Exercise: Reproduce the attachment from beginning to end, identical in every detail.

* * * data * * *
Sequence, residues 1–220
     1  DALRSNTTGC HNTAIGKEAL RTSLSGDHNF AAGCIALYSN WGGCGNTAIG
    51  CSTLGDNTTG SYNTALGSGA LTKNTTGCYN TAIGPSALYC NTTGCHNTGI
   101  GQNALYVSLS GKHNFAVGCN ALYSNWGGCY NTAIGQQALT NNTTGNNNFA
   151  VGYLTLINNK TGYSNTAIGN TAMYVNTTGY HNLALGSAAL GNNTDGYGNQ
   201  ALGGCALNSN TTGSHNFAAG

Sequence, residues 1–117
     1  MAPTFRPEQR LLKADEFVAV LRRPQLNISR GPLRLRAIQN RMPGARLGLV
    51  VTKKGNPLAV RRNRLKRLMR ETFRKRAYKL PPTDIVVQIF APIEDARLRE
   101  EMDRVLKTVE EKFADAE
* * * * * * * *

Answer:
Sequence, residues 1–220
     1  DALRSNTTGC HNTAIGKEAL RTSLSGDHNF AAGCIALYSN WGGCGNTAIG
    51  CSTLGDNTTG SYNTALGSGA LTKNTTGCYN TAIGPSALYC NTTGCHNTGI
   101  GQNALYVSLS GKHNFAVGCN ALYSNWGGCY NTAIGQQALT NNTTGNNNFA
   151  VGYLTLINNK TGYSNTAIGN TAMYVNTTGY HNLALGSAAL GNNTDGYGNQ
   201  ALGGCALNSN TTGSHNFAAG

Sequence, residues 1–117
     1  MAPTFRPEQR LLKADEFVAV LRRPQLNISR GPLRLRAIQN RMPGARLGLV
    51  VTKKGNPLAV RRNRLKRLMR ETFRKRAYKL PPTDIVVQIF APIEDARLRE
   101  EMDRVLKTVE EKFADAE